Red Flags in a Heat Wave

Following the inevitable melt down of “Lucifer” over the next few weeks, violent electrical storms are predicted: these may well give rise to a further period of excessively hot weather in the UK.

But today, hundreds of thousands of cold, damp, pink Brits will be stripping off on the beaches of southern Europe to broil in ferocious and alien oven heat.  A hundred years ago, they would have been cowering behind closed shutters, girls only venturing out beneath their parasols – all clinging to the coolest, deepest shade.  Napoleon had lined his marching roads with avenues of close set, lofty trees: he valued his soldiers.

Following the rise and rise of budget airlines, heat related illnesses are becoming commonplace but not necessarily well-recognised.

Heat stress is caused by increased air temperature, and exacerbated by humidity and internal metabolic heat generated by exercise.  As the ambient temperature rises, the body becomes much more dependent upon the evaporative cooling of sweat.  Evaporation is reduced by humidity, inappropriate clothing and low air movement.

Additional sweating is enabled by a greatly increased blood flow to the skin.  The loss of body fluids to sweat can lead to dehydration and the consequent reduction of circulating blood volume and an increase in its viscosity.  The strain on the heart, an uncontrolled rise in core temperature, and the release of damaging inflammatory chemicals (cytokines) from over-heated tissues can cause the potentially lethal heat stroke.

The normal body temperature is regulated at around 37℃ (98.4 ℉), within + 1℃ (maximum 100.4℉).  The control mechanisms for the maintenance of a healthy core temperature can be quickly overwhelmed by a sudden rise in ambient temperature as caused by air travel or a heat wave. Acclimatization begins within four to six days, and is complete within two weeks – not quick enough for the average tourist.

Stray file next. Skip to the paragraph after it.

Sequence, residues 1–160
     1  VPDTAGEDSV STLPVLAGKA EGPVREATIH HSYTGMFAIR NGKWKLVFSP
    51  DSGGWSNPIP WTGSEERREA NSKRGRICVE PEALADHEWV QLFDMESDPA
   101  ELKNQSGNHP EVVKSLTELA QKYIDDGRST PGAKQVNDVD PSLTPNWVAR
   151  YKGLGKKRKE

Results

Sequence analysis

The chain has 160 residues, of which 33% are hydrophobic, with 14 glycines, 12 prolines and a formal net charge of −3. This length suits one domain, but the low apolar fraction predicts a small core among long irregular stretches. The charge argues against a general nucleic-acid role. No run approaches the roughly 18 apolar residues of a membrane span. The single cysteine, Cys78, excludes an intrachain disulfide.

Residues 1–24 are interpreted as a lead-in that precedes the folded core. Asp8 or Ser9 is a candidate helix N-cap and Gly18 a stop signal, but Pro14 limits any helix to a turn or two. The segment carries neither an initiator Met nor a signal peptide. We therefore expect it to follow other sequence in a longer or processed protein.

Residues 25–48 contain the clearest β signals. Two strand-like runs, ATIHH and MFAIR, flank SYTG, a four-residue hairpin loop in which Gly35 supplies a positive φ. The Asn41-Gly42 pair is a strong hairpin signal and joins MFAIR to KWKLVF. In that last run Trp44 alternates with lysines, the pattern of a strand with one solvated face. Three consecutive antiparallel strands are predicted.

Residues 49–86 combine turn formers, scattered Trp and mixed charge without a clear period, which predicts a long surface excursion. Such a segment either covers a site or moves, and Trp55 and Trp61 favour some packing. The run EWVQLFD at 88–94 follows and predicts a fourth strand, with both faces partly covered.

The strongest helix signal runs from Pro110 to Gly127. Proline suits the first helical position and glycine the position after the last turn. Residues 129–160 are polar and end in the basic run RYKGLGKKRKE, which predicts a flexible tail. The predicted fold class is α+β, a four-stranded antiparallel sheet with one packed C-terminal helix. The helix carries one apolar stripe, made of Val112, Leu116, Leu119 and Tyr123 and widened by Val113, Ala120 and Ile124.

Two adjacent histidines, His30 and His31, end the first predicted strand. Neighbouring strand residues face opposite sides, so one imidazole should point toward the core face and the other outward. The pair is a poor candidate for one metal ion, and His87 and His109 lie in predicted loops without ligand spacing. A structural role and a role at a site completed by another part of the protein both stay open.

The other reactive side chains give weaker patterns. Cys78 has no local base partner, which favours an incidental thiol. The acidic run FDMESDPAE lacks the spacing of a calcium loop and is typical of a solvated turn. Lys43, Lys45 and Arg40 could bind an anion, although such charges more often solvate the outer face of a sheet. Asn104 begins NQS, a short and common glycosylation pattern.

The onset of heat stroke is marked by typical symptoms such as –

  • High body temperature of around 40℃ (104℉)
  • Altered mental state or behaviour – as in confusion, agitation, slurred speech, anger, irritability and rashness. These can proceed to delirium, seizures and coma.
  • Nausea and vomiting
  • Flushed skin
  • Rapid breathing
  • Rapid pulse rate
  • Headache
  • Muscle weakness or cramps
  • Dizziness and light-headedness
  • Lack of sweating

Anybody can develop heat stroke, but these are definite risk factors-

  • Age – the young and the older generations are more vulnerable
  • Obesity – fat is a good insulator preventing heat loss
  • Alcohol – further dilates blood vessels and acts as a diuretic causing more loss of water in urine
  • Strenuous exercise – generates internal heat
  • Dehydration – insufficient fluid intake – drink anything (coffee and tea included) apart from alcohol
  • Loss of salt in sweat, giving rise to low blood sodium – add salt to food
  • Lack of fitness
  • Febrile illness such as flu, any infectious disease
  • Previous heat related illness
  • Some medications, especially beta blockers, diuretics, antidepressants and antipsychotics and stimulants for ADHD (always ask your doctor)
  • Inappropriate clothing – the less the better
  • Illegal stimulants such as amphetamines and cocaine
  • Sunburn!

On a hot holiday, look out for yourself and others (who might well be oblivious).  Call for medical help if in any doubt.  Whilst waiting, bring the person into air conditioning (at least shade), remove as many clothes as decent, and above all, cool the person down – a cool (not super cold) bath or shower, sponge with cool water, apply ice packs in towels to head, neck, armpits and groin.  Please do not hesitate!

Of course do behave sensibly yourself and avoid obvious risks-

  • Avoid full sunshine in the middle of the day
  • Use hats, sun block, body cover, any sort of shade at other times
  • Use showers and dips in the sea/pool frequently
  • Drink lots of (any) fluid – adults 3 litres/day at least
  • Avoid exertion during the heat of the day – climbing, serious walking, tennis, sight-seeing, whatever
  • If you take regular medication, tell your doctor where you are going. He might need to adjust your regime to suit
  • If you develop diarrhoea, drink more water along with dissolved Dioralyte to replace lost salts and Imodium (Loperamide) to slow down fluid loss (as instructed on the packet information sheets)
  • If you also start to vomit frequently call for medical help

The best possible way of judging the adequacy of your fluid intake is by carefully watching the colour of your urine – if it starts to become deeper than a light “pale straw”, verging on “browny yellow”, you are significantly short of fluid.

PMID 24326903

PMID 23509213 – 20032814

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